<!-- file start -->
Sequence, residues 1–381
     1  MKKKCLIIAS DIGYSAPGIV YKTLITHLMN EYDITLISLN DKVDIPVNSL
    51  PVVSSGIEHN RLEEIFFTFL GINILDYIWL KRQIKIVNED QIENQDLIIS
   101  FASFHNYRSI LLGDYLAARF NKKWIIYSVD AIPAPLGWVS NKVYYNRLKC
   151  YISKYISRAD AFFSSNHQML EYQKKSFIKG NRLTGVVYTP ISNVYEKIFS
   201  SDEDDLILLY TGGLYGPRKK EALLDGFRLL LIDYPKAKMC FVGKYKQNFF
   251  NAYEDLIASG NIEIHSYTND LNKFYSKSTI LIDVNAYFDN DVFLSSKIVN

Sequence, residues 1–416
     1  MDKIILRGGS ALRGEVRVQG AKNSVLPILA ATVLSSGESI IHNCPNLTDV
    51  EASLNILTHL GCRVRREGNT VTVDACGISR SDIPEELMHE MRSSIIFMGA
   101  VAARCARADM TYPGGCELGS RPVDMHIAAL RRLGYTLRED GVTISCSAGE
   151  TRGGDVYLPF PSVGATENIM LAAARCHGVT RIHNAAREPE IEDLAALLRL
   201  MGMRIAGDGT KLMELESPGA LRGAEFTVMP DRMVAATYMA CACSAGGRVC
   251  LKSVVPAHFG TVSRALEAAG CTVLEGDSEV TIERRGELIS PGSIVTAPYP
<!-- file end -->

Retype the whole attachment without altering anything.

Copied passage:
Sequence, residues 1–381
     1  MKKKCLIIAS DIGYSAPGIV YKTLITHLMN EYDITLISLN DKVDIPVNSL
    51  PVVSSGIEHN RLEEIFFTFL GINILDYIWL KRQIKIVNED QIENQDLIIS
   101  FASFHNYRSI LLGDYLAARF NKKWIIYSVD AIPAPLGWVS NKVYYNRLKC
   151  YISKYISRAD AFFSSNHQML EYQKKSFIKG NRLTGVVYTP ISNVYEKIFS
   201  SDEDDLILLY TGGLYGPRKK EALLDGFRLL LIDYPKAKMC FVGKYKQNFF
   251  NAYEDLIASG NIEIHSYTND LNKFYSKSTI LIDVNAYFDN DVFLSSKIVN

Sequence, residues 1–416
     1  MDKIILRGGS ALRGEVRVQG AKNSVLPILA ATVLSSGESI IHNCPNLTDV
    51  EASLNILTHL GCRVRREGNT VTVDACGISR SDIPEELMHE MRSSIIFMGA
   101  VAARCARADM TYPGGCELGS RPVDMHIAAL RRLGYTLRED GVTISCSAGE
   151  TRGGDVYLPF PSVGATENIM LAAARCHGVT RIHNAAREPE IEDLAALLRL
   201  MGMRIAGDGT KLMELESPGA LRGAEFTVMP DRMVAATYMA CACSAGGRVC
   251  LKSVVPAHFG TVSRALEAAG CTVLEGDSEV TIERRGELIS PGSIVTAPYP